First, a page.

Spain has been gaining attention as it keeps notching up some of the fastest growth in the eurozone, to the point of usurping Ireland’s status as “star pupil” of the monetary union’s official policy prescriptions. With national elections looming, the Spanish government is keen to insist that the austerity-with-reforms orthodoxy it implemented is bearing fruit.
The economist Simon-Wren Lewis has recently picked up my colleague Matthew Klein’s diagnosis of Spain from a few months back. That diagnosis stands as well today as then, and it documents the many ways in which Spain’s economic situation has improved. The country has turned the trade balance from a large deficit to a solid surplus. What is more, it has done so through strongly growing exports, not just falling imports. The Spanish private sector’s outstanding debt has come down significantly, and the overall debt — including the growing public debt — is decelerating.
Both Klein and Wren-Lewis rather treat Spain’s success, such as it is, as a rather backhanded compliment. The country still has far to go before it can be discharged from the economic recovery ward; witness in particular its shocking unemployment rate. For Klein and Wren-Lewis, Spain’s incomplete success is a vindication of the conventional story: Spain has done more or less as well as it could do, given the strictures of the eurozone, and that is far from good enough.
“It’s hard to imagine what [Spain] could have done differently during the boom,” writes Klein, to stop the debt bubble and the economic overheating that set the country up for a crash. Well, one answer is even tighter fiscal policy — not just the actual surplus it ran but a very big surplus. Wren-Lewis suggests the reason it didn’t happen was because the eurozone was obsessed with deficits, so once that was eliminated, it was thought nothing more was necessary. He argues that within a monetary union, a better measure of the economic cycle is local inflation — which in Spain was much higher than the eurozone average — and that fiscal policy should be set to control it.
This might seem a bit like replacing one eurozone fetish (the deficit) with another one (inflation), but the point that fiscal policy could and should have been more countercyclical is well taken. There were other things too that Spain could have done differently, such as stronger “macroprudential” limits on private borrowing. Philippe Martin and Thomas Philippon have demonstrated this alone could have prevented 4 percentage points of the 12 per cent fall in employment from 2008 to 2012; the same benefit as a more conservative boomtime fiscal policy.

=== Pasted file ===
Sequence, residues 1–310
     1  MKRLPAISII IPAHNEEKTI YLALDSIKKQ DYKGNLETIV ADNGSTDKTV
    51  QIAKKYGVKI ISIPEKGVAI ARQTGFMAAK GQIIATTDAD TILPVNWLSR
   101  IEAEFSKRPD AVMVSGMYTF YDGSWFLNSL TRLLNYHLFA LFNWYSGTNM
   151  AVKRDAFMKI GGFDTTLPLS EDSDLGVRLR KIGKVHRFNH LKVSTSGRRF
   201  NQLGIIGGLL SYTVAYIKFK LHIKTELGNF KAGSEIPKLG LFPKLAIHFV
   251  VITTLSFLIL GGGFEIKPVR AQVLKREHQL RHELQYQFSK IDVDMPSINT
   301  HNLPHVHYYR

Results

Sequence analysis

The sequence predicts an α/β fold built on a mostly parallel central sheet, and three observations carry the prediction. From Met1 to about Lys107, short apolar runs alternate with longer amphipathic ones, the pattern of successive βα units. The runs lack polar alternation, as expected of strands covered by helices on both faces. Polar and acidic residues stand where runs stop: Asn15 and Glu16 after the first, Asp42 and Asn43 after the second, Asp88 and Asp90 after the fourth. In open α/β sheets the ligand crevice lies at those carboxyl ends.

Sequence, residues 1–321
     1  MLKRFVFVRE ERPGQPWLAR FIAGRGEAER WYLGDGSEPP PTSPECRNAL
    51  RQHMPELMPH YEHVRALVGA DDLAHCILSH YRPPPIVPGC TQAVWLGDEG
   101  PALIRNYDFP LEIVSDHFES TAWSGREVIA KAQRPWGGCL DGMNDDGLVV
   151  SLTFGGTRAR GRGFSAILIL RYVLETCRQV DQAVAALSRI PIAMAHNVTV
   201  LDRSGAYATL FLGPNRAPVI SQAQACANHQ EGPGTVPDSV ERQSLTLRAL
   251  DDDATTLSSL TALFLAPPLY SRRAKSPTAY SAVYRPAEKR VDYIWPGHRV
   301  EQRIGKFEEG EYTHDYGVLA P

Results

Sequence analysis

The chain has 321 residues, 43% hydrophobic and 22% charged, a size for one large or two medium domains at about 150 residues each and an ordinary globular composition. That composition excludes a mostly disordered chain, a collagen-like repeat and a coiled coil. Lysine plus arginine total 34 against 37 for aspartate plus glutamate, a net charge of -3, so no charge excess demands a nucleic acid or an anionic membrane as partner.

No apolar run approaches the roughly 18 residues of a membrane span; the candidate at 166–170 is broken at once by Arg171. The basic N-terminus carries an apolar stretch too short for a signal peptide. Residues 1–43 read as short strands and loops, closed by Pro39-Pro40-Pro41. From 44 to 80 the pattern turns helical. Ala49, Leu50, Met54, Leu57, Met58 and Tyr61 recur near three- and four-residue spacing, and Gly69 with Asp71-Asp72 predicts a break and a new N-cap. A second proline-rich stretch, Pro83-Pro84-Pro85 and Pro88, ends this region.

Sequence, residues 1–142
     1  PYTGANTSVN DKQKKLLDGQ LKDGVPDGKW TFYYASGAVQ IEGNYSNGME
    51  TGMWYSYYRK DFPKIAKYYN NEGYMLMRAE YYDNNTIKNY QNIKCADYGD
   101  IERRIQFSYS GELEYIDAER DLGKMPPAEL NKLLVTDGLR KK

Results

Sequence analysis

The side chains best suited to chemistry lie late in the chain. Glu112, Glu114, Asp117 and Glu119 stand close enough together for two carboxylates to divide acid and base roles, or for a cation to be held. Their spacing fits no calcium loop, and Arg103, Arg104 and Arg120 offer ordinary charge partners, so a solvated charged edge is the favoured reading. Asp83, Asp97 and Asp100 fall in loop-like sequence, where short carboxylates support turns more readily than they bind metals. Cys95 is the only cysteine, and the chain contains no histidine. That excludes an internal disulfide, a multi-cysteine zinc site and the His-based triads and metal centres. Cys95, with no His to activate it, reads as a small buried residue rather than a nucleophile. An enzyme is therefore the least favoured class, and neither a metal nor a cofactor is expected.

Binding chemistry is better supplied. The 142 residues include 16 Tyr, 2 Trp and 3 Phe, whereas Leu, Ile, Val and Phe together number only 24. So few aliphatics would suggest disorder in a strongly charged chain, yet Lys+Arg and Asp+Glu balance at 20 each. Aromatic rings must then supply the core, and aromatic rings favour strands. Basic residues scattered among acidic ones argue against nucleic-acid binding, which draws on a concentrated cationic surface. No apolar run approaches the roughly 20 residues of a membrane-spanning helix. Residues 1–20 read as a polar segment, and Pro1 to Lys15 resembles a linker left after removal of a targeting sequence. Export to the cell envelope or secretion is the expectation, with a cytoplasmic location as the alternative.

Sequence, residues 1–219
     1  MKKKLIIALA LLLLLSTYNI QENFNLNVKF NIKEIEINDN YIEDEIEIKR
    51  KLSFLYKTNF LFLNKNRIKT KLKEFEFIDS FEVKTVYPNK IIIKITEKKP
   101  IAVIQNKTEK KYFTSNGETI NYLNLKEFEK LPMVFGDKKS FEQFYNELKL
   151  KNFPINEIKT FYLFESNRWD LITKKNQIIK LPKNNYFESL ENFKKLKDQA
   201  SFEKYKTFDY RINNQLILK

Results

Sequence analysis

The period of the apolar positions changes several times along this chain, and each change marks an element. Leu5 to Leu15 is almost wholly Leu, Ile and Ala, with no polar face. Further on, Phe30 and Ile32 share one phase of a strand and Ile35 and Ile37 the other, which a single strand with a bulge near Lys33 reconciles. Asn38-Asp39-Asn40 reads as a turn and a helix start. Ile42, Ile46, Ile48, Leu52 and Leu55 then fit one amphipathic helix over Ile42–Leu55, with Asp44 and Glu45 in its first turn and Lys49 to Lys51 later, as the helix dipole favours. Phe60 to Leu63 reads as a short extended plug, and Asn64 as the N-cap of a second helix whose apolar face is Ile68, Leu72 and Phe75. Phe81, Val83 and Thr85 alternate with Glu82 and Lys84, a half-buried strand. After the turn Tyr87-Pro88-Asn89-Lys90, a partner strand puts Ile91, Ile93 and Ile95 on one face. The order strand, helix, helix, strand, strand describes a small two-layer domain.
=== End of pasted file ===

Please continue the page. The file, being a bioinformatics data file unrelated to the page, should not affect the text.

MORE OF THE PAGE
What about after the crisis, rather than just before it? Klein says the “normal response would be to let the currency float while defaulting on some foreign debt”. Instead it was necessary to cut wages and prices, an “internal devaluation”. Wren-Lewis agrees. Both seem to say that what we are seeing in Spain is that internal devaluation works, but slowly and painfully. That is why Wren-Lewis wants stronger countercyclical fiscal policy.
He is right about the conclusion, but the argument is less convincing. For, in fact, Spain did not achieve an export boom through internal price devaluation, as Francesco Saraceno points out in a new blog post. So how do you boost your exports when you can’t devalue your currency? Saraceno sensibly suggests non-price competitiveness factors; ie changes that make the exporting sectors more productive even without changes in prices and wages. Better infrastructure, for example — which by itself may require more not less public spending — or structural reforms that make it easier for exports to expand (but not by cutting labour costs). While unit labour costs have come down in Spain, that is all due to increased labour productivity. Anecdotally, an important reason seems to be that it has become easier to employ people in the most productive activities.
This touches on the important difference between the flexibility with which prices go up and down, and the flexibility with which quantities respond. The eurozone debate focuses almost exclusively on the need for prices (and most importantly the prices of currencies and of labour) to be flexible enough to adjust to disruptions. But unless the mechanisms for allocating and moving capital and labour are flexible too, the expected boost to exports may not materialise even if exports become more “competitive” (in a price-related sense). There is a good case to make that this has happened in Greece and the UK, both countries that improved their international price competitiveness significantly in the crisis, without exports picking up as hoped.
Conversely, if resources can move flexibly between sectors and activities, then the inability to devalue may not be as big a problem as is often thought. That may be the real lesson Spain is sketching out before our eyes.
Source: Financial Times